Mentions: Terrace Excavation Trench 1 yielded an authoritatively informative stratigraphy (Figure 9). A very thin layer of vitrified dung constituted the topmost layer and was followed by two successive middens, one brownish and another greyish in colour. Underneath this was a layer of vitrified dung, followed by another dhaka floor which rested on top of a brown fill with midden debris. The fired nature of the floor ruled out other alternatives, such as caps which may result from repeated cattle or animal hoof stamping (see Huffman, [24]). Below the fill was a thin layer of burnt grass, carbonised sorghum seeds, charcoal and dhaka in level 11. A very thick dhaka floor followed underneath (level 12). It was succeeded by yet another event associated with burning. A mixture of wood charcoal, grass and sorghum seeds was recovered in this level 13. The recovery of sorghum seeds suggests that the circular stone feature that continued from the layer above, on the northern side of the trench, was a grain bin foundation. Below this was another floor underlaid by a layer comprising of broken dhaka fragments, pottery and charcoal. This was followed by a midden which accumulated on top of a floor, and covered one side of the trench. The southern corner of the trench contained charcoal, ash and burnt dhaka in level 16. It seems that this material collected on top of a floor (levels 17 and 18) which sealed a very thin midden that contained K2 pottery, charcoal and three glass beads (levels 18 and 19). Because of the depth and integrity of this stratigraphy, nine samples of carbonaceous materials from levels 7, 9, and 13 to 19 were submitted for radiocarbon dating.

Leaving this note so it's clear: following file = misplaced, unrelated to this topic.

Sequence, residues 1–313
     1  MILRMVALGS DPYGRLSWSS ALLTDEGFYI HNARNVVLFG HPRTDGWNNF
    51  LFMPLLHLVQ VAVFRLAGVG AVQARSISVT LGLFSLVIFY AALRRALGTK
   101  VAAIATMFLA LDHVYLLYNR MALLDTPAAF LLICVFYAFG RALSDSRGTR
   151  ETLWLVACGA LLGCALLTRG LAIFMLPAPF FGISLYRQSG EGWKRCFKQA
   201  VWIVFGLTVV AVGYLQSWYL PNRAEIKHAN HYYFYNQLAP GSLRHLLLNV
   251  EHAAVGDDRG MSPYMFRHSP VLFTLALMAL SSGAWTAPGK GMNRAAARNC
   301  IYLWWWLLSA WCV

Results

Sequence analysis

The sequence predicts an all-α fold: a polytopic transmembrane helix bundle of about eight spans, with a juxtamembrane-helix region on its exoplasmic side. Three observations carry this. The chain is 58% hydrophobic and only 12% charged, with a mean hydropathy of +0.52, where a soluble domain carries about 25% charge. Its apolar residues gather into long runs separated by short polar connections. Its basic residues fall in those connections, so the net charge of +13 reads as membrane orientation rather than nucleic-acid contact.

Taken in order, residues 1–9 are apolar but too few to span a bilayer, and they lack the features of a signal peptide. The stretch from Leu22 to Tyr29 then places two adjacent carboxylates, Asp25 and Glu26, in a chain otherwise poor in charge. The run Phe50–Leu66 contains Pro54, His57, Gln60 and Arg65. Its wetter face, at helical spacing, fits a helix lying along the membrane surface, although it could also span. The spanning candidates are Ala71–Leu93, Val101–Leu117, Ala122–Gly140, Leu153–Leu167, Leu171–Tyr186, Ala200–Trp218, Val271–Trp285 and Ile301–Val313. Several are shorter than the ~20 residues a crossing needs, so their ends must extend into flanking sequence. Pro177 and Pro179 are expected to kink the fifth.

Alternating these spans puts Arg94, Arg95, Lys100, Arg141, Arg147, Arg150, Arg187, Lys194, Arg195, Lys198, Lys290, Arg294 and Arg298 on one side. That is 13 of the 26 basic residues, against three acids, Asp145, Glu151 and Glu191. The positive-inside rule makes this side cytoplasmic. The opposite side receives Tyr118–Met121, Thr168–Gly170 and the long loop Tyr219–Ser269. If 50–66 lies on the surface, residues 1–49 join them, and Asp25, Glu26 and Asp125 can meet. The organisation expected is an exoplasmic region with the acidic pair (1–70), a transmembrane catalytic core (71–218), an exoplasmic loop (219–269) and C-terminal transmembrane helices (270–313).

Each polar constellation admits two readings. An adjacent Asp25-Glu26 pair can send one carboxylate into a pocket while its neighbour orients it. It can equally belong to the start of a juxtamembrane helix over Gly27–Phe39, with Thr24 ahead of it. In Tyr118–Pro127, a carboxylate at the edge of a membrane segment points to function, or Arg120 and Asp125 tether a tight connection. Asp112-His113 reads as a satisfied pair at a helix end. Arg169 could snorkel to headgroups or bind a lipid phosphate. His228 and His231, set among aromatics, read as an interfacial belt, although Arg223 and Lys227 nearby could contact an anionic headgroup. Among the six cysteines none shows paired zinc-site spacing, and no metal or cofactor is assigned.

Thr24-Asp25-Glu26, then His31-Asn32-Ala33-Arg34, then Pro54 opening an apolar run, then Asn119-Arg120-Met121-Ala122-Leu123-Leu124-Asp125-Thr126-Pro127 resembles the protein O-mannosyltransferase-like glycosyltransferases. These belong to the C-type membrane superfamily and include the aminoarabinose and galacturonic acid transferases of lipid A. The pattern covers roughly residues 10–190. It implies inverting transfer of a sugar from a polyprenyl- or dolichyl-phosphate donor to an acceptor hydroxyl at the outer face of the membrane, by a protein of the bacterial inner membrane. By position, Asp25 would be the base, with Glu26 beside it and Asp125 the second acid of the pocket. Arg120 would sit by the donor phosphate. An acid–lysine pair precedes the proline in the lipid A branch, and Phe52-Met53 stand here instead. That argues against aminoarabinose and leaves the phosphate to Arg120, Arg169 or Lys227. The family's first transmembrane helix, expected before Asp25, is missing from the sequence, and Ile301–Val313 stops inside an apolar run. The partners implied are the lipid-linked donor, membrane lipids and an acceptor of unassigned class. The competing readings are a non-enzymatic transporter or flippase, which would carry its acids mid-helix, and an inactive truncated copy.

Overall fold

Bottom Line: Firstly, Mapela possesses enormous prestige stone-walled terraces whose initial construction date from the 11th century CE, almost two hundred years earlier than Mapungubwe.Secondly, the basal levels of the Mapela terraces and hilltop contain élite solid dhaka (adobe) floors associated with K2 pottery and glass beads.This demands not just fresh ways of accounting for the rise of socio-political complexity in southern Africa, but also significant adjustments to existing models.

View Article: PubMed Central - PubMed

Affiliation: Department of Archaeology, University of Cape Town, Cape Town, South Africa.

ABSTRACT